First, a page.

The reason I wanted to use my saved image is because I only had a restore disk that came with the computer I was told that wouldn't work because of the different hardware. Could I have used the restore disk to reinstall WinXP on my rebuilt computer? The guy at the computer shop said I couldn't be cause of multiple changes to the hardware, but again he may have wanted to make money by selling XP to me.
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Old 24. Nov 2011, 08:06 AM   #15 (permalink)
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The reason I wanted to use my saved image is because I only had a restore disk that came with the computer I was told that wouldn't work because of the different hardware. Could I have used the restore disk to reinstall WinXP on my rebuilt computer? The guy at the computer shop said I couldn't be cause of multiple changes to the hardware, but again he may have wanted to make money by selling XP to me.
Although you had nothing to lose by trying it I'm sure that you still probably needed an XP install disk to repair it.

I've had to copy images to different PCs when the original is kaput. It usually works and seems to be more dependable each new version of Windows. I've had to do it less than 10 times and it's only failed once on Windows 95.

The stability of the kernel/microkernel (Windows 9x/ Windows NT onwards) seems to be the key to getting Windows to run long enough to correct the hardware compatibility. My take on it is that Microsoft have improved the architecture particularly hardware abstraction and error trapping in the kernel. These improvements reduce the impact of the sort of hardware compatibility issues that used to bring Windows to a grinding halt.

If anyone else knows better, I'm interested to hear what actually happens.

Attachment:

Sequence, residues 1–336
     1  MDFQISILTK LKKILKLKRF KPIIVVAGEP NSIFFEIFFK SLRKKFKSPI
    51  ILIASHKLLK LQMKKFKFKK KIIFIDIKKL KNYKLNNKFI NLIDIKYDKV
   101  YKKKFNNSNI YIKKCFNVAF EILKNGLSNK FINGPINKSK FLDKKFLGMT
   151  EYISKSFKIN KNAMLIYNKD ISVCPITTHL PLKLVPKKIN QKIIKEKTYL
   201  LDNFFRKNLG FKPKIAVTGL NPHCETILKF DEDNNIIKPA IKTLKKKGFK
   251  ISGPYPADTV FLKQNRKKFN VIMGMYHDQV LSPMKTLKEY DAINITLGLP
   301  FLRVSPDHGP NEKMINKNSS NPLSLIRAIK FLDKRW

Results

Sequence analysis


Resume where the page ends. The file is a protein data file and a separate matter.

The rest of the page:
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Old 24. Nov 2011, 05:19 PM   #16 (permalink)
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I've had to copy images to different PCs when the original is kaput. It usually works and seems to be more dependable each new version of Windows. I've had to do it less than 10 times and it's only failed once on Windows 95.
This is what I originally thought. I figured I would just transfer the image on the new computer or just try to boot from the original hard drive and because most things are plug and play it would just install the correct drivers. I decided against it after I was told it would be useless to try. It seems the guys at the computer shop may not have been looking out for my best interest.

My inquiry on Virtualbox's forum received a reply:
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Forget Paragon Go Virtual. Just use google to search these forums, using terms "P2V" and "site:forums.virtualbox.org".
The search led me to Microsoft Technet There is allot of information to absorb but from what I've read so far it appears the P2V option seems more reliable. More to follow.....
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Old 24. Nov 2011, 10:31 PM   #17 (permalink)
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My inquiry on Virtualbox's forum received a reply:
The search led me to Microsoft Technet There is allot of information to absorb but from what I've read so far it appears the P2V option seems more reliable. More to follow.....
Interesting but may take some time to digest!
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Old 25. Nov 2011, 09:05 AM   #18 (permalink)
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Not sure if this belongs on Hot Finds. I couldn't find a category dedicated to virtualization software.
wdhpr, I read your last post then realized that I'd got distracted by the XP problem and I'd forgotten to tell you that there is a category for virtualization software:

http://www.techsupportalert.com/cont...-solutions.htm

The author is very knowledgeable and his his own site which you can link to from the bottom of the article.